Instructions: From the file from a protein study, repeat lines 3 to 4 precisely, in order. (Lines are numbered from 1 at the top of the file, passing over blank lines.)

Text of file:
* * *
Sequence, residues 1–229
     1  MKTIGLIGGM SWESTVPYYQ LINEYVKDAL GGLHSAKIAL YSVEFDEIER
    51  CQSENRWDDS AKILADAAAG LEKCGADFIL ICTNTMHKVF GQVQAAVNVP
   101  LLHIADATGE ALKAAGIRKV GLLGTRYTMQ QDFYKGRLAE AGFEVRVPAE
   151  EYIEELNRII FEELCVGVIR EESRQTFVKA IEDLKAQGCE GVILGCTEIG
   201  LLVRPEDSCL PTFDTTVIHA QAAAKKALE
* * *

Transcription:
    51  CQSENRWDDS AKILADAAAG LEKCGADFIL ICTNTMHKVF GQVQAAVNVP
   101  LLHIADATGE ALKAAGIRKV GLLGTRYTMQ QDFYKGRLAE AGFEVRVPAE